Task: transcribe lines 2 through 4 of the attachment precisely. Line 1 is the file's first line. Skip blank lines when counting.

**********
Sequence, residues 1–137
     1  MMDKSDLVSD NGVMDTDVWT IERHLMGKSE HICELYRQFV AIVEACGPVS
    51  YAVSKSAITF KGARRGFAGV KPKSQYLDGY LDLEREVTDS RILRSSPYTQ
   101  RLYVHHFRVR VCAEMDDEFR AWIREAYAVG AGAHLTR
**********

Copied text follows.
     1  MMDKSDLVSD NGVMDTDVWT IERHLMGKSE HICELYRQFV AIVEACGPVS
    51  YAVSKSAITF KGARRGFAGV KPKSQYLDGY LDLEREVTDS RILRSSPYTQ
   101  RLYVHHFRVR VCAEMDDEFR AWIREAYAVG AGAHLTR